As monomers with which the basic monomers are to be copolymerized there are suitable non-basic compounds which likewise contain a carbon-to-carbon double bond, more especially an H C:C group, in particular vinyl esters of organic acids, for example vinyl acetate, formate, butyrate or benzoate, or vinylaryl compounds such as styrene or substituted styrenes, compounds of the acrylic acid series such as esters of acrylic acid and alcohols or phenols that contain 1 to 12 carbon atoms and no tertiary amino group, for example ethyl acrylate, butyl acrylate and dodecyl acrylate, acrylonitrile or acrylamide and its derivatives substituted on the amide nitrogen, such as, NzN-diethyl acrylamide, NzN-dihyroxyethyl acrylamide, N-n-propyl acrylamide, N-tertiary butyl acrylamide, NzN- di-n-butyl-acrylamide and hexamethylolmelamine triacrylamide; furthermore, analogous derivatives of methacrylic, ot-chloracrylic, crontonic, maleic or fumaric acid. There may also be used polymerizable vinyl ethers such as vinylethyl ether. Preferred use is made of derivatives of acrylic and methacrylic acid (said derivatives being .free from basic nitrogen atoms) and among them above all the esters with aliphatic alcohols, or the N-monosubstituted amides in which an aliphatic substituent is linked to the amide nitrogen atom through a secondary or tertiary carbon atom. Particularly suitable are ternary copolymers that contain as the film-forming component 30 to 50% of an ester of acrylic or methacrylic acid and an alkanol with 1 to 4 carbon atoms; as setting and sheenforming component 30 to 50% of an N-monoalkyl-substituted or N:N-dialkyl-substituted acrylamide whose substituents contain 2 to 4 carbon atoms each, and as saltforming component 5 to 20% of an N:Ndi-(C C alkylamino- (C -C alkylacrylamide.

Percentages in the following examples are by weight.

Example 1 160 parts of ethyl acrylate, 200 parts of N-tertiary butyl acrylamide and 40 parts of NzN-diethylaminopropyl acrylamide are dissolved at room temperature in 320 parts of absolute ethanol in a 2-filter flask equipped with stirrer, reflux condenser and thermometer. The flask is then scavenged with nitrogen and the batch is heated to the boiling point of ethanol. 0.4 part of azo diisobutyronitrile is then added, and this addition is repeated four times at intervals of 1 hour each. The polymerization is slightly exothermic. 1 hour after the last addition of catalyst the mixture iscooled to room temperature.

Yield: 710 parts of a low viscous, colorless and clear resin solution having a solids content of 56%, which corresponds to a polymer yield of almost The resin solution is mixed with 14.5 parts of acetic acid (100% and 1265 parts of deionized water are slowly run in. The resulting thinly viscous, opalescent solution is filtered through a clarifying filter.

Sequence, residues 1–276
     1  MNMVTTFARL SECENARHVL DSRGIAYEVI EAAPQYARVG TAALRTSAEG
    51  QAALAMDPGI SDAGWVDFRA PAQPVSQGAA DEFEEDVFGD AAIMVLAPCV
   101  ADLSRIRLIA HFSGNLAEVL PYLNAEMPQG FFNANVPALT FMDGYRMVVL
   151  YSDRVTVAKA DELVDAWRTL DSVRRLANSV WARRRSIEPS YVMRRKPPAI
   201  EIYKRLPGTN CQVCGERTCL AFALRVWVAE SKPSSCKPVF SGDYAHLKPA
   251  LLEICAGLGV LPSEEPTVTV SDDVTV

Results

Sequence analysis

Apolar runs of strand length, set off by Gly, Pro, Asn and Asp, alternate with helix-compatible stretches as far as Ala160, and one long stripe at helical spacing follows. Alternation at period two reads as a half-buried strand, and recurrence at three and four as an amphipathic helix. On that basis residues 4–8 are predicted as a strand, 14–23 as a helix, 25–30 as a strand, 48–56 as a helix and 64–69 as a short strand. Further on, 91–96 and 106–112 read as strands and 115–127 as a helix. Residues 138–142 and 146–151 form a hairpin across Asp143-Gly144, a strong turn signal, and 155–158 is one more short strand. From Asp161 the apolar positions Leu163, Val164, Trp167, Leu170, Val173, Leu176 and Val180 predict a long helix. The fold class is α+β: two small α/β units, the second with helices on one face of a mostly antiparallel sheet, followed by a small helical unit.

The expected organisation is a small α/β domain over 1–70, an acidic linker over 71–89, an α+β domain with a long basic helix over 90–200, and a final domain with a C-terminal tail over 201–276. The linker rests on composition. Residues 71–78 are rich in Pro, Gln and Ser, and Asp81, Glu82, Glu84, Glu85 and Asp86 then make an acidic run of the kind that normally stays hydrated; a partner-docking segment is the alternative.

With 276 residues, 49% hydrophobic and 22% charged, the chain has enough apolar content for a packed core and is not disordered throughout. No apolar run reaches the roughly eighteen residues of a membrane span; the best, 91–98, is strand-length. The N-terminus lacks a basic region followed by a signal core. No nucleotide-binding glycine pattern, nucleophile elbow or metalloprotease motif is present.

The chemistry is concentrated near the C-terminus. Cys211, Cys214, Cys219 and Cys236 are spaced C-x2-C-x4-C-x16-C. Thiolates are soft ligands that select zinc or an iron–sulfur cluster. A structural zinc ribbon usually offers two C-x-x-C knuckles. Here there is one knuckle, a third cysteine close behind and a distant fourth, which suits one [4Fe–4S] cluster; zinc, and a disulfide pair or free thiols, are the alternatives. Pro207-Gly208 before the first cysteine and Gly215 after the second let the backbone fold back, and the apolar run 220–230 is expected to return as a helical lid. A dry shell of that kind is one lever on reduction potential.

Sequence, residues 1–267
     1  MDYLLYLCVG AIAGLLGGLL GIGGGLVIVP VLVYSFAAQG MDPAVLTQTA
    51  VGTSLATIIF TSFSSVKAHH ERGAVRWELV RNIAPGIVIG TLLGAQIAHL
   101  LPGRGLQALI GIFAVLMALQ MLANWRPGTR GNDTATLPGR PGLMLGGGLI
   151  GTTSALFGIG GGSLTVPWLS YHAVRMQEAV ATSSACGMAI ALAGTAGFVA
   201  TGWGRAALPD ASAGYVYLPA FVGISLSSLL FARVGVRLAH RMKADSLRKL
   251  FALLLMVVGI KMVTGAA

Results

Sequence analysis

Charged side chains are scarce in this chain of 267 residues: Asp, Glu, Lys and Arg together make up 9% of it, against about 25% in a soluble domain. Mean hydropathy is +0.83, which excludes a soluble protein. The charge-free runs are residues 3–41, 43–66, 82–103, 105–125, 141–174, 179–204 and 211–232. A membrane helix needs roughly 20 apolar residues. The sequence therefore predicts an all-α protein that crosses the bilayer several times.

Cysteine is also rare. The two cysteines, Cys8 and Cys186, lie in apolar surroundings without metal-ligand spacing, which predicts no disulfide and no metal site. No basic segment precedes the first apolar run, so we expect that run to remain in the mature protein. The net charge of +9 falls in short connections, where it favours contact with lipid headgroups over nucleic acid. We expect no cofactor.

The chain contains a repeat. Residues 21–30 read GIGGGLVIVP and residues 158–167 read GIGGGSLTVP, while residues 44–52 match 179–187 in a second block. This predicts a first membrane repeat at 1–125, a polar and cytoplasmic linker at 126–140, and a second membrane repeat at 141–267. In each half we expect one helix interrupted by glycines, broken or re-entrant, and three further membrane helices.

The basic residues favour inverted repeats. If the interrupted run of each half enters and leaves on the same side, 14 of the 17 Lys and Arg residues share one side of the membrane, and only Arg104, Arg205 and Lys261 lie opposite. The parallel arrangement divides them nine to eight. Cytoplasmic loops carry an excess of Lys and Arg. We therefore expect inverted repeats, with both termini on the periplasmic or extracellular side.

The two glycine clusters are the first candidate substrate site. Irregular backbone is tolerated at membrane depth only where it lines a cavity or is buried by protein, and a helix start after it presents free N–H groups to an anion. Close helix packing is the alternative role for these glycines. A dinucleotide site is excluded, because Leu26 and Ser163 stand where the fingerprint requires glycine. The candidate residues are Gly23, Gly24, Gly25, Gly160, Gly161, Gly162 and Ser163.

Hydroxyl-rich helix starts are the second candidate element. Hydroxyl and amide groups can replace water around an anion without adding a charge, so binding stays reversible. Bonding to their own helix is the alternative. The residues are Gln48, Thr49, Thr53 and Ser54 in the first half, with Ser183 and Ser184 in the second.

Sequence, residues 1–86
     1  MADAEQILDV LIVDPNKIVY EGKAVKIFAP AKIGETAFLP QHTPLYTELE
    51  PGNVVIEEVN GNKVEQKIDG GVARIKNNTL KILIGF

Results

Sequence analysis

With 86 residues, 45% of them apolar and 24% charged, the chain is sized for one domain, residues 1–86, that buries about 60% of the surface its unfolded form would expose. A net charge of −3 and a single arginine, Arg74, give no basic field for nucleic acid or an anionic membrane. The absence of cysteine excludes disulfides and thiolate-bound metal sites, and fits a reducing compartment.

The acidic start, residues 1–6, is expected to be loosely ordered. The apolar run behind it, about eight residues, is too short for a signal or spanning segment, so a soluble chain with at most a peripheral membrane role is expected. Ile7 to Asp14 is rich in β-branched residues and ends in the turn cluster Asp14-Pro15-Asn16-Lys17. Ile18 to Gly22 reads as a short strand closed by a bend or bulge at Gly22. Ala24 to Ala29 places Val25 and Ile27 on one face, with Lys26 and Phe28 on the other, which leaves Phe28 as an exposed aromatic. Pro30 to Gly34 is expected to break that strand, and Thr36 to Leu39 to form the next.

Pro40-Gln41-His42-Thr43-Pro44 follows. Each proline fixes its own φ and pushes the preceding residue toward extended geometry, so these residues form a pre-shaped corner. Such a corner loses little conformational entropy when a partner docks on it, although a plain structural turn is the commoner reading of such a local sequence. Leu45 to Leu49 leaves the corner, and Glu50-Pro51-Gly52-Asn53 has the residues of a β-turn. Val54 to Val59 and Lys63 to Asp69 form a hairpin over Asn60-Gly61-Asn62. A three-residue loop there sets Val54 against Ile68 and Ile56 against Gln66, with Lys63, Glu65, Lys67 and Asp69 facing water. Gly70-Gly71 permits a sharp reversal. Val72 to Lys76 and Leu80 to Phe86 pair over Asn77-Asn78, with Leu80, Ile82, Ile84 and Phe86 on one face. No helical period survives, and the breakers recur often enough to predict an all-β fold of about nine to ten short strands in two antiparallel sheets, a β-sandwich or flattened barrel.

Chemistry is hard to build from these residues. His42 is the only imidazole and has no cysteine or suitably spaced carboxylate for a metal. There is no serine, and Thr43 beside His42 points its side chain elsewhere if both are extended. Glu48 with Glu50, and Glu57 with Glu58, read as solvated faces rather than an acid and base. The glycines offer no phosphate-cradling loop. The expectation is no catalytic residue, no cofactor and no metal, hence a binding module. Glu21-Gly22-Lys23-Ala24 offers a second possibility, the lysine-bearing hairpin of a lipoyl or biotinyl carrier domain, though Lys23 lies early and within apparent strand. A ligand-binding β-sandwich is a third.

Yield: about 2000 parts, solids content 20.5%, pH::5.5.

When the solution is poured over a glass plate and allowed to dry in air, it forms a transparent, colorless film which, after having been stored for 72 hours at 18 C., still remains completely insoluble on immersion for 60 minutes in water at 18 C.

Example 2 Setting lotions are prepared with the use of the undermentioned salts, having the following composition:

1.25% of a salt of a copolymer Nos. 1 to 14, 0.4% of hexanol, 0.1% of urea,

0.6% of a condensation product from 1 mol ofstearyl alcohol and 25 mols of ethylene oxide,

% of alcohol,

made up to 100% with water.

The salts concerned are the following products:

( 1) Formate salt of the copolymer from 40% of ethyl acrylate, 55% of N-teritary butyl acrylamide and 5% of N:N-diethylaminomethacrylate.

(2) Acetate salt of the copolymer from 90% of ethyl acrylate and 10% of N:N-diethylaminopropyl acrylamide.

(3) Acetate salt of the copolymer from 50% of ethyl acrylate, 40% of N-teritary butyl acrylamide and 10% of NzN-diethylaminopropyl acrylamide.

(4) Acetate salt of the copolymer from 80% of ethyl acrylate, 10% of N-teritary butyl acrylamide and 10% of NzN-diethylaminopropyl acrylamide.

(5) Propionate salt of the copolymer from 80% of ethyl acrylate and 20% of NzN-diethylaminopropyl acrylamide.

(6) Acetate salt of the copolymer from 40% of ethyl acrylate, 50% of NzN-di-n-butyl acrylamide and 10% of N:N-diethylaminopropyl acrylamide.

(7) Carbonate salt of the copolymer from 85% of nbutyl acrylate and of NzN-dimethylaminoethyl acrylamide.

(8) Borate salt of the copolymer from 70% of methyl acrylate and 30% of NzN-diethylaminopropyl acrylamide.

(9) Lactate salt of the copolymer from 30% of ethyl acrylate, 10% of lauryl acrylate, 40% of NzN-diethyl acrylamide and of N:N-diethylaminoethyl acrylamide.

(10) Acetate salt of the copolymer from 40% of methyl methacrylate, 40% of n-butyl acrylate and 20% of NzN-diethylaminopropyl methacrylamide.

(11) Propionate salt of the copolymer from 50% of methyl acrylate, 15% of vinyl acetate and 35% of diethylaminopropyl vinyl ether.

(12) Acetate salt of the copolymer from 40% of ethyl acrylate, 30% of N-tertiary butyl acrylamide and 30% of N:N-diethylaminoethyl vinyl ether.

(13) Formate salt of the copolymer from 30% of ethyl acrylate, 20% of N-teritary butyl acrylamide and 5 0% of N:N-diethylaminoethyl methacrylate.

(14) Acetate salt of the copolymer from 75% of ethyl acrylate and of di-(N:N-dimethylaminopropyD- fumaric acid amide.

The hair is thoroughly washed and then dried with a towel only so much as to leave it damp. 10 to ml. of setting lotion are then applied so as to leave the hair thoroughly damp. The hair is then given the desired style (preferably by curling) and dried in air heated up to C. In all 14 cases there are obtained water waves which display a coating that is resistant to moist air. The hair can be styled again in the damp state and without additional treatment, and the resulting hairstyle is permanent.

What is claimed is: